Director: Benni Diez
Writer: Adam Aresty
Cast: Jessica Cook, Matt O’Leary, Clifton Collins Jr., Lance Henriksen, Cecilia Pillado, Eve Slatner
Part of: /slash Filmfestival
Seen on: 27.9.2015
[Reviews by cornholio and Maynard.]
Julia (Jessica Cook) has recently taken over her father’s catering business and is on her way to the first bigger client with her employee Paul (Matt O’Leary). Things start off well, the hostess Mrs Perch (Eve Slatner) seems happy, her grandson Sydney (Clifton Collins Jr.) is a little weird but jovial, the party gets going nicely. But then a swarm of wasps invades and they are not regular wasps. Within a short amount of time, there is only a handful survivors who have to stand agains 3m tall wasps.
I expected Stung to be in the same vein as Arachnophobia and after having so much fun with The Pack’s stupidity, I was really in the mood for a trashy film. But unfortunately Stung was completely disappointing and pretty boring.
Stung and I already got off on the wrong foot with the introduction of Julia and Paul. While I found Julia likeable enough and her worry about her precarious job position was completely understandable. But what remained a mystery to me was why she would hire Paul whom she obviously doesn’t trust and who obviously doesnt take her seriously as a boos. He wants to fuck her and in his head the only thing that keeps her from fucking him is that she is a little uptight – which he has no problem showing. The audience is obviously supposed to be with him on this, nevermind that it is a completely inappropriate employer-employee relationship. If they had just made them co-workers, it would still be galling that Julia is constantly objectified by the film, but at least it would reduce the disrespectfulness.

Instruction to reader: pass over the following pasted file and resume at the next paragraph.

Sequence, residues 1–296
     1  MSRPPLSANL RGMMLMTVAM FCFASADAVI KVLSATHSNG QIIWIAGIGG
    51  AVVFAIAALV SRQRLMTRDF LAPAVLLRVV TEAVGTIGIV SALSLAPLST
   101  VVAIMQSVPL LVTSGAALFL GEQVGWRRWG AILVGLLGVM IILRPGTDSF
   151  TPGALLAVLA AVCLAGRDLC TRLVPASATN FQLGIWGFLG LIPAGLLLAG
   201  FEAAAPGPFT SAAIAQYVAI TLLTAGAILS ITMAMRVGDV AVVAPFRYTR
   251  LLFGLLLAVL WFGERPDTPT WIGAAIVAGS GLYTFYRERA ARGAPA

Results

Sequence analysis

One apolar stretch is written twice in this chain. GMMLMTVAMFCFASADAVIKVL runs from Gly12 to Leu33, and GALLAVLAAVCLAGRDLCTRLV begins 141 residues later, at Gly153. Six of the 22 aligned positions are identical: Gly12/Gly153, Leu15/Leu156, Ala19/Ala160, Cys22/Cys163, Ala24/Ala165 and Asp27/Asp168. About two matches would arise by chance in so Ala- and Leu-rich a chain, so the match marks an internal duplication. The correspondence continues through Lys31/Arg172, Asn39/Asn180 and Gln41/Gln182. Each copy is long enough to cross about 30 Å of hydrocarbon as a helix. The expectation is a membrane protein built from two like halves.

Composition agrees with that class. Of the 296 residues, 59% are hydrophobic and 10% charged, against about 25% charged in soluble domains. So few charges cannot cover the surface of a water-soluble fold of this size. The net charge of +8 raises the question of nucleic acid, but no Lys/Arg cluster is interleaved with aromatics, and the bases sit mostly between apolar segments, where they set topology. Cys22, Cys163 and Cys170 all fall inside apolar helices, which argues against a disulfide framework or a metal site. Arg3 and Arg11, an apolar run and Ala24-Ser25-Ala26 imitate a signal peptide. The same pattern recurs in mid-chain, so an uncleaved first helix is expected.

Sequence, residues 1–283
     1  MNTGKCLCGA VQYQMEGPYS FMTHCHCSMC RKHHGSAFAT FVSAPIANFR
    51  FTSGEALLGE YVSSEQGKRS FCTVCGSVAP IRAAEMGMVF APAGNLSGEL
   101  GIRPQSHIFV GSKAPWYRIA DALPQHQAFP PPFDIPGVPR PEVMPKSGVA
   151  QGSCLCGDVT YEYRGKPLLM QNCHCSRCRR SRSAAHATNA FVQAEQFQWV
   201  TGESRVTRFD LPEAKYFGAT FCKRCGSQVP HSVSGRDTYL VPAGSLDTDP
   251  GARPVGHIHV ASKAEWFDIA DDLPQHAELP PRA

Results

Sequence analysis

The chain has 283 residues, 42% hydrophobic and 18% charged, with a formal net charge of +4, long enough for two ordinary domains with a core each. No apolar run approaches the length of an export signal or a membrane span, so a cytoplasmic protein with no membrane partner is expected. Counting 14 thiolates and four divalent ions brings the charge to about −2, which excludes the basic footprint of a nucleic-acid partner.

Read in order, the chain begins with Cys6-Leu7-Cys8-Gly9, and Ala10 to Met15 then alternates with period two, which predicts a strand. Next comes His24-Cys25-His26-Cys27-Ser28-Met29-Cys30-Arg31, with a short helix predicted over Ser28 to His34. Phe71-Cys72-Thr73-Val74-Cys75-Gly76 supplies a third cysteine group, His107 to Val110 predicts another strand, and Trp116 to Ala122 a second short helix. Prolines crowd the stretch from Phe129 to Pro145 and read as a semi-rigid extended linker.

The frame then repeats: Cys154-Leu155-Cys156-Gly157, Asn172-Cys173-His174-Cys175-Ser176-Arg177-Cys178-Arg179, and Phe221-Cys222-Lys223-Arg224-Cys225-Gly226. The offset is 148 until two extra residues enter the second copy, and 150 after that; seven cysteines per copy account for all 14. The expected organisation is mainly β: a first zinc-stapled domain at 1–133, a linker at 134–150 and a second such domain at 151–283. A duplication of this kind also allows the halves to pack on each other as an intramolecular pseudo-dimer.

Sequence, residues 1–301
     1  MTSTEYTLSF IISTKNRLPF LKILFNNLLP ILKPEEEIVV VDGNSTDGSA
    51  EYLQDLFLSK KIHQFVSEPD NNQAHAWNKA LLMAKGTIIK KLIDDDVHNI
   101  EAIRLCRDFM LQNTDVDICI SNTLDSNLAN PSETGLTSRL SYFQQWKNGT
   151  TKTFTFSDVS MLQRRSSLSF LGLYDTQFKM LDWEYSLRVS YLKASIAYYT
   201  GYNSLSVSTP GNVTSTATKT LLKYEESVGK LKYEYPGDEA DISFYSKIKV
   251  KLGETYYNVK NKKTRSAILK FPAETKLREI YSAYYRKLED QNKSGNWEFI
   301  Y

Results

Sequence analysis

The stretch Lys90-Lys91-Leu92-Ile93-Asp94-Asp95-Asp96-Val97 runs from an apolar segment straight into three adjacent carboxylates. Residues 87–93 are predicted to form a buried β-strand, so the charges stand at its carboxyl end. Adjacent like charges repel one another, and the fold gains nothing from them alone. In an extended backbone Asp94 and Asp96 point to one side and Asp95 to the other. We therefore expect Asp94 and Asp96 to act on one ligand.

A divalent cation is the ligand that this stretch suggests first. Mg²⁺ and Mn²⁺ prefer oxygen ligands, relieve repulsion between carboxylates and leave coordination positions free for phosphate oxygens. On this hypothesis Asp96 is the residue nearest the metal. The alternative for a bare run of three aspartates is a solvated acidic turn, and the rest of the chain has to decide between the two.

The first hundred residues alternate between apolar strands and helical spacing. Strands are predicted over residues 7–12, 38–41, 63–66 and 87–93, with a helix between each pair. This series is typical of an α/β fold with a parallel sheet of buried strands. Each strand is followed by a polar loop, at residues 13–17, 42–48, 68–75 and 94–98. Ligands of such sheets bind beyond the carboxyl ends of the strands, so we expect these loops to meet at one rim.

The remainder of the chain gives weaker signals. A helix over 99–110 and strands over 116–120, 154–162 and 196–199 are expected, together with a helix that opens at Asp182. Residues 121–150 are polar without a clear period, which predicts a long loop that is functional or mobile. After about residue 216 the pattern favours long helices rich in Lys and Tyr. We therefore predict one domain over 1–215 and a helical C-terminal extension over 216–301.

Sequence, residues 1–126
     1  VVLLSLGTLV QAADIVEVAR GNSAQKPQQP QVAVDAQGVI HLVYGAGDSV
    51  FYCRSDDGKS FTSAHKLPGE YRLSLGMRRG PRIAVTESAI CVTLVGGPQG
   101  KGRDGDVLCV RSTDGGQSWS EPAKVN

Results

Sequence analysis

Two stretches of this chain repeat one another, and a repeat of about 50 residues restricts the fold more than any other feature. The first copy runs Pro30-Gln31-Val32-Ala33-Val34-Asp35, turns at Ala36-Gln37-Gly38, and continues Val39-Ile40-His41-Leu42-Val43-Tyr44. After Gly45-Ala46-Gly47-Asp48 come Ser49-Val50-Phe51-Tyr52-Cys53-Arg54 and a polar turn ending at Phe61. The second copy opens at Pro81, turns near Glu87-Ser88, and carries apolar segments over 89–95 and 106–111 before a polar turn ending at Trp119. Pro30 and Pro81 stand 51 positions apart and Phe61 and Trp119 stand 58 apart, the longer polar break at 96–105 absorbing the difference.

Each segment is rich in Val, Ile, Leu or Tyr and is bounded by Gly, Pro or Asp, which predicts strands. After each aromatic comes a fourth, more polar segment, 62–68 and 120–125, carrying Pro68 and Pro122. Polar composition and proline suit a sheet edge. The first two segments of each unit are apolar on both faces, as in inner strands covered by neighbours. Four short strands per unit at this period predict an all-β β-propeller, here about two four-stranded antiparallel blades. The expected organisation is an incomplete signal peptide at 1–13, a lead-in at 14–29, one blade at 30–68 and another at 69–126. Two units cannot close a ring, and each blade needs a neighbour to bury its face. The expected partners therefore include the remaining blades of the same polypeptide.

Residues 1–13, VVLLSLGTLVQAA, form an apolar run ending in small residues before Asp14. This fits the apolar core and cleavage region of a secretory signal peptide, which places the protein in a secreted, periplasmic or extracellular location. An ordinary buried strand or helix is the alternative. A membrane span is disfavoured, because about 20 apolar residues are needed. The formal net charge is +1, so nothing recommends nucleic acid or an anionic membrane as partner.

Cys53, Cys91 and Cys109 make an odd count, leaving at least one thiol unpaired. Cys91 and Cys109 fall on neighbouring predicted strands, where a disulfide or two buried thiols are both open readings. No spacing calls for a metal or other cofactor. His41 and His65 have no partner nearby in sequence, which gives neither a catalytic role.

The film continued to get on my wrong side by making Sydney disabled (he has a hunched back). I’m all for disability represenation, but when you confalte it with Sydney’s sleaziness that seems to stem directly from his back, it becomes more than questionable. And then they went ahead and [SPOILERS] have a wasp lay an egg in the hump on his back. With all other people, no matter where the wasps stung them, shortly after a human-sized wasp would explode out of their bodies. In the hump – which is apparently not seen as part of Sydney’s body and therefore has to behave differently – the egg develops to smaller wasp that remains stuck to Sydney and somehow their minds melt together. [/SPOILERS] It is rare to have a person with disability so clearly shown as other, as not-human and frankly it’s disgusting and insulting.
I can forgive the film that biology is obviously not its strong suit. It’s a film about giant fucking wasps, who cares. And I probably could have swallowed both ableism and sexism, and even the slacker protagonist who turns out to be great in a crisis and gets the girl – I’ve swallowed worse.
But unfortunately the film refuses to be entertaining or funny to boot. With every passing minute I could feel my good mood disappear and at the end I just wanted it to be over – and the film isn’t actually that long. That’s not fun at all.